Book Reviews, Cat Reviews and Life Reviews

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Location: Washington State, United States

25 July 2006

The "Hunger Winter"- World War II

Today is thankfully cooler. I think I will write a little about my family history and the "Hunger Winter" in Holland (1944-45.)

The "war" In the Netherlands lasted only three days- they capitulated on 10 May 1940. They then endured five years of Nazi occupation. My father was born in 1932 in Utrecht, which is geographicaly the center of the Netherlands. He spent the war years in Bilthoven, which is about 4 miles east of Utrecht. Bilthoven is next to the airport at Soesterberg, which the Germans used as a weapon depot. Consequently, the Allies strafed the town regularly. My dad showed me the bullet wounds on the trees when we went back in 2001. He remembers that there were never any windows in his house because of the constant bombings.

My mother was born in 1936 in Den Haag (The Hague.) She spent the war years in Ede, which is east of Bilthoven. Her father, grandmother and grandfather all died in her house during the war. She remembers that a Jewish family down the street was sent off to the concentration camps, and the neighbors were asked to keep their furniture for when they came back- they never came back. The house was still there when I went back in 2001. Her mother was forced to house German POWs during the war. My mother remembers having to walk for miles to beg for food for the family.

In September 1944, there was an Allied plan to move north into Holland to end the war quickly. "Operation Marketgarden" (A Bridge Too Far) failed miserably, and so Holland had to wait for 8 more months to be liberated. During this last winter, the weather was very cold and there was no food. Over 16,000 people starved to death during this time. The Germans made a virtual wall around Northern and central Holland and no food or othere humanitarian aid could enter. My father had to eat his pet crow and tulip bulbs, among other things. Finally, when it was obvious that Germany was going to lose the war, a tentative agreement was reached that Allied planes could come and drop food over pre-determined sites to help the people.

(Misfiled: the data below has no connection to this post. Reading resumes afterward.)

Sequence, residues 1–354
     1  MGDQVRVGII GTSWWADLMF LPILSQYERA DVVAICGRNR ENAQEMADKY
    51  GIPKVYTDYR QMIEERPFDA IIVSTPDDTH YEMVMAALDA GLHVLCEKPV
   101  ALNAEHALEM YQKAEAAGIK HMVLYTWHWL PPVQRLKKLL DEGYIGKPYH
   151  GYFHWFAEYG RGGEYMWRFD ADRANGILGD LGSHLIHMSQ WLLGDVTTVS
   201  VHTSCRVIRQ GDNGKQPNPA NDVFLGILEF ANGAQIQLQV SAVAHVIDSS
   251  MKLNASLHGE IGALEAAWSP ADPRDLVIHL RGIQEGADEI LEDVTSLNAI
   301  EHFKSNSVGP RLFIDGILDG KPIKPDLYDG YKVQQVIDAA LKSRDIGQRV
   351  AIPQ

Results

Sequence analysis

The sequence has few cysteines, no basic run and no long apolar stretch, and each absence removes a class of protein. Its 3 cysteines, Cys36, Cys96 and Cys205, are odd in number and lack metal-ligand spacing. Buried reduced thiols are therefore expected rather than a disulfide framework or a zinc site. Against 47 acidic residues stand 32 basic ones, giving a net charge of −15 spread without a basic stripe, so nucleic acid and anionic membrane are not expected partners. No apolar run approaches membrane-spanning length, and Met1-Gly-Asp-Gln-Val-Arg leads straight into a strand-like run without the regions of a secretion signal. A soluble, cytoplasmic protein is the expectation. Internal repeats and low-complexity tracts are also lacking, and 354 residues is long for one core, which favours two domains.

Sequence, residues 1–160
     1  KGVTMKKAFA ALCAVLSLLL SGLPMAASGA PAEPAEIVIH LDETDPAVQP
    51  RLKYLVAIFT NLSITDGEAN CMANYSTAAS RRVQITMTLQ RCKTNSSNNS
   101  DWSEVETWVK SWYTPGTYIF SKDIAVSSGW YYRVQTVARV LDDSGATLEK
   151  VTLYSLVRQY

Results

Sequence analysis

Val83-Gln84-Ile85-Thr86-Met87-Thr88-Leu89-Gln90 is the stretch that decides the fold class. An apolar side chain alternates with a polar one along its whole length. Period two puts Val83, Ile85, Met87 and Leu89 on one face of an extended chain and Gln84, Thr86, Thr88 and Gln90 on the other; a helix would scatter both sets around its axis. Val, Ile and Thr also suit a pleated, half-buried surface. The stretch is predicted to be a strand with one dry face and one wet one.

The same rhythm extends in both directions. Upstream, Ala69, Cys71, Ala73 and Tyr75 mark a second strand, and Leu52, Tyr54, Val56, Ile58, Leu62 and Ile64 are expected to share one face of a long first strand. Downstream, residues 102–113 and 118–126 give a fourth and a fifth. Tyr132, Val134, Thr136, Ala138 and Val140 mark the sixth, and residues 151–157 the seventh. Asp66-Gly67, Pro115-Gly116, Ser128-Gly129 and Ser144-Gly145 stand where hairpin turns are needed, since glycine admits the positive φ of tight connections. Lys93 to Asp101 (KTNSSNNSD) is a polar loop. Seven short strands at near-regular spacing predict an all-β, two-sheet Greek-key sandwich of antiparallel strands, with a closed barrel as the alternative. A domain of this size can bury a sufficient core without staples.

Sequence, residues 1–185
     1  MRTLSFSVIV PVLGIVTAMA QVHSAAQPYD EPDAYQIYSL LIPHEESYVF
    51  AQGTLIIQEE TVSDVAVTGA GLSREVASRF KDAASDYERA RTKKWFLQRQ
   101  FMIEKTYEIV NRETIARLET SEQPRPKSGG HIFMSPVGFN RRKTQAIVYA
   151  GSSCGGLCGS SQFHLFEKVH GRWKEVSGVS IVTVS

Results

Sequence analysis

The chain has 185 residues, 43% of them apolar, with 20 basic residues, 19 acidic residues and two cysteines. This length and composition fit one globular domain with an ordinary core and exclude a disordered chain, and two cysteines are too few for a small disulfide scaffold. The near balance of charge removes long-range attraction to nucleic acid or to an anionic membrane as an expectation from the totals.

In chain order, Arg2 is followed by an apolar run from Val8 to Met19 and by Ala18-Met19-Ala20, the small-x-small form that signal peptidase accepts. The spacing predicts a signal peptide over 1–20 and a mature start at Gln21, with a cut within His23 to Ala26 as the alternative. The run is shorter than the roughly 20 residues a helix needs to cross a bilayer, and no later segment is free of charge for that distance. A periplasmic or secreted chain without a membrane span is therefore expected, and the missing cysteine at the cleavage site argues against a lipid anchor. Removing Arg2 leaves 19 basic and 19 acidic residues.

The operation was called "Operation Chowhound" for the Americans and "Operation Manna" for the British. The planes (B-17's and Lancasters) were in instructed to fly between 300-400 feet over the drop sites. Even before the papers were signed, planes began the food drops. The Germans had anti-aircraft weapons in case the Allied were going to bomb instead of drop food. Although the food drops were maybe too late to prevent much of the starvation, they did wonders for the morale of the people. The Canadians were then able to liberate Holland on the fifth of May 1945. My mother remembers riding on the Canadian tanks when they liberated Ede. There is still avery special bond between the Dutch and their liberators. After the war, the restoration of Holland was very diffiicult. Most of the infrastructure was completely destroyed. A new government was set up (Socialist) and a new economy was established. The rebuilding was slow and hard. Much farmland had been destroyed, and housing was at a premium for many years.

Since this is a long post, I will continue the story later. Please let me know if you find this interesting!


Blogger LMI1 said...

Very Interesting! You have a very interesting family history. Keep it up and thanks for the posts!...I just discovered them.

26 July, 2006 16:47  

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